Anyone that knows me knows I love spreadsheets and numbers. It’s a big reason I completed my CFA designation. So, I started to build a spreadsheet to compare the financial results of the two options. It amazed me how I can produce wildly different results based on small changes to the assumptions because of the compounding effects over time. For example, I can change the rate of inflation a little bit and have renting be more favourable or home ownership more favourable. The assumptions make big differences. Therefore, I think the question of whether it’s better to rent or buy should be a higher plane decision.

Bottom line

At the end of the day, I would ask higher level questions:

  • Do I believe in the long-term real estate market?
  • Do I prefer to have pride of ownership?
  • Do I like the idea of forced savings?
  • Am I disciplined enough to sock away money for rent costs at retirement?
  • Do I have the upfront money needed to enter the real estate market?

Owning your own home has worked well for many people and families. Maybe it can work for you, too.

Keep calm and mortgage on.


About the Author:

Ian Mucignat, CFA, is an independent mortgage agent at TMG The Mortgage Group. He graduated from Wilfrid Laurier University with a Bachelor of Business Administration, minoring in Economics, and is a CFA Charterholder. Ian has worked in the mortgage industry since 2000 at lenders, banks, and brokerages. If you are purchasing, renewing, or refinancing your mortgage, don’t hesitate to contact Ian directly for a free consultation.



Fixed vs. Variable: what do the numbers say?

 May 25, 2018 9:00 AM

By: Ian Mucignat

A few years ago, I wrote about the “great debate”, whether it makes sense to choose fixed rate or variable rate – read here.

Empirically speaking, studies have shown that variable rate clients win about 85%. A win means they paid less interest over the term of the mortgage. However, it’s important to note that not everyone is cut out to be a variable rate client. Specifically, there is the risk that the rate and mortgage payment will increase suddenly. Therefore, you need to be comfortable with this risk and be able to sleep knowing your payment can increase.

Given a normal positively sloped yield curve, a variable rate mortgage will have an interest rate that is lower at inception. Variable rate mortgages are linked to the institution’s Prime Rate and are usually given a discount. For example, if the Prime Rate is 3.45% and the discount is 1.00%, then the mortgage rate is 2.45%. Two months from now, the Prime rate might increase to 3.70% because the Bank of Canada increased its overnight rate, so the rate on your mortgage increases to 2.70%.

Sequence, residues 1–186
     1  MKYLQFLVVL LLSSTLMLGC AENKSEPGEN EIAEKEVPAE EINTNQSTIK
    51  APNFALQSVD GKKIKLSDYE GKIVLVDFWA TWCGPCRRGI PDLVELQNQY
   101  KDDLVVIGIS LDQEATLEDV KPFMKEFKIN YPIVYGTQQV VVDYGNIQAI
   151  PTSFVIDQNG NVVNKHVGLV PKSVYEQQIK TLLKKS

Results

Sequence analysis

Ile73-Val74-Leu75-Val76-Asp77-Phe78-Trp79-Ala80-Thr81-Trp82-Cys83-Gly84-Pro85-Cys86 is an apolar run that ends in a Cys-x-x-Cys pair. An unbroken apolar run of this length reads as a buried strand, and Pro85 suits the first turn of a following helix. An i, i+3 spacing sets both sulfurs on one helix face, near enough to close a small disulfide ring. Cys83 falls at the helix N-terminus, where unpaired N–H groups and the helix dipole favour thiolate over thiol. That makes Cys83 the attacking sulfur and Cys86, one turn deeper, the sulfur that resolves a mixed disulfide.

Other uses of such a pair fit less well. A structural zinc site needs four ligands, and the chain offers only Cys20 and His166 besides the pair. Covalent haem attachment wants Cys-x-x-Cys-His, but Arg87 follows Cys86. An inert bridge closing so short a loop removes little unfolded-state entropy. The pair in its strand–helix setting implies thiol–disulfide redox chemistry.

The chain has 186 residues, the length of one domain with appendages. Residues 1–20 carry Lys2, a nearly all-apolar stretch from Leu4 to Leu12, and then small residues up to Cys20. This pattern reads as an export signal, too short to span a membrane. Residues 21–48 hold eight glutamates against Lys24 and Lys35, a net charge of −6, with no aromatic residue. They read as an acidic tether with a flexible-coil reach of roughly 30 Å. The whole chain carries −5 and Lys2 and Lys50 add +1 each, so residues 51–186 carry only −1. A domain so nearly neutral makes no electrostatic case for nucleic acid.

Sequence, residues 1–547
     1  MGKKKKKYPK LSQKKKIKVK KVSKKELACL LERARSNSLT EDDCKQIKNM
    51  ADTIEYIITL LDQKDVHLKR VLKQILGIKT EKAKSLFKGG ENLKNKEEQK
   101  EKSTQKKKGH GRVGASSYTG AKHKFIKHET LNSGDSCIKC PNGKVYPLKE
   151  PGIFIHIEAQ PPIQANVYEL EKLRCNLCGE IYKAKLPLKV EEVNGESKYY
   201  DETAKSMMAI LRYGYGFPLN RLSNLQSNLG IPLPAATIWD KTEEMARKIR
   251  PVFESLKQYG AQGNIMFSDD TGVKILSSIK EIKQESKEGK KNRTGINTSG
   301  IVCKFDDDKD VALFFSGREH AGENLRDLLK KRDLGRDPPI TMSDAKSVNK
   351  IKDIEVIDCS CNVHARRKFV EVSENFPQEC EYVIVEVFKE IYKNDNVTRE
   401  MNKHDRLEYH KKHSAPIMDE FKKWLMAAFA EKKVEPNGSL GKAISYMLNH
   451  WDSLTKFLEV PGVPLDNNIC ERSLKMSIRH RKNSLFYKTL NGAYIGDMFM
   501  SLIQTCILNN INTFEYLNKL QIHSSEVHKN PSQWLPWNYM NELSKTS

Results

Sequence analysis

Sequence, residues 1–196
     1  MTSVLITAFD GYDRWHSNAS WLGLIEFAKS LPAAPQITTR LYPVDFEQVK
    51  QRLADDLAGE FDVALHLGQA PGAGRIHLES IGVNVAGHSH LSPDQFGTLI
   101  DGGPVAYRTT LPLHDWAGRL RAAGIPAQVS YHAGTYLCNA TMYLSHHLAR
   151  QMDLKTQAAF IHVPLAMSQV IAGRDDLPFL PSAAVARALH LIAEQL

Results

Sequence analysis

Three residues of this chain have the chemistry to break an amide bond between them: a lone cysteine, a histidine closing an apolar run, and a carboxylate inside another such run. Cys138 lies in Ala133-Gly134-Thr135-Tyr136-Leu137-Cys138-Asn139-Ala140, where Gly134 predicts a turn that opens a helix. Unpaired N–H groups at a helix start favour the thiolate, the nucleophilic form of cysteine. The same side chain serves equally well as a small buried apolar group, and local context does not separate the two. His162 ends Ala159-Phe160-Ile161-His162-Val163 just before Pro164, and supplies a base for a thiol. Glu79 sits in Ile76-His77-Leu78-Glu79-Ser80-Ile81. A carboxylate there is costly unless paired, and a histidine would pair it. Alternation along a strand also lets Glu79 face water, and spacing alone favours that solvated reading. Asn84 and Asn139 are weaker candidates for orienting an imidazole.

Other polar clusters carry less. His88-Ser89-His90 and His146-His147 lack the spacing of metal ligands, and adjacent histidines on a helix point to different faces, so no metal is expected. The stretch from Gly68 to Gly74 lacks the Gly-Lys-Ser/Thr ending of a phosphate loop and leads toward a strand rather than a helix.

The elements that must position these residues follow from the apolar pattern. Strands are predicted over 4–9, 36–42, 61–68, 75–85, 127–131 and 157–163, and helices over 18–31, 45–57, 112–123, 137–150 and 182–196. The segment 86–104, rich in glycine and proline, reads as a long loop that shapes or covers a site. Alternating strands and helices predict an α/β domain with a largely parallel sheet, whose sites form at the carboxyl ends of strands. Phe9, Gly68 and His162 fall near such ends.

A fixed mortgage rate is set at the beginning and doesn’t change during the course of the term.

Putting personal risk tolerances and biases aside, what do the numbers say today? Let’s take a look at a predictive model I use with my clients:


$500,000 mortgage, 25-year amortization, 5 year term

  1. Fixed choice: 3.39%
  2. Variable choice: Prime minus 1.00% = 2.45% today

So, who wins? To answer this question, we need a viewpoint of Prime Rate.

Prime rate History

First, below is a graph of the prime rate from 1937 to today. This much history is not very useful because of how our currency and inflation were pegged early on. Then, in the 70’s and 80’s, the central banks let inflation ride wild. Starting in the early 90’s, the policy makers realized a low, stable inflation rate is ideal for economic growth.

Today, the Bank of Canada’s website states: “The objective of monetary policy is to preserve the value of money by keeping inflation low, stable and predictable.” Therefore, let’s look at the graph of the early 90’s to today and make some observations.

It’s interesting to note that movements in the prime rate tend to look like a staircase. Once they start moving in a set direction, they tend to keep moving in the same direction.

Down movements

During periods of economic turmoil, we see the rates drop quickly by about 3.75%. As a variable rate mortgage holder, you would like this!

  • The staircase down from November 2000 to March 2002 took less than 2 years, and the rate moved 3.75% total.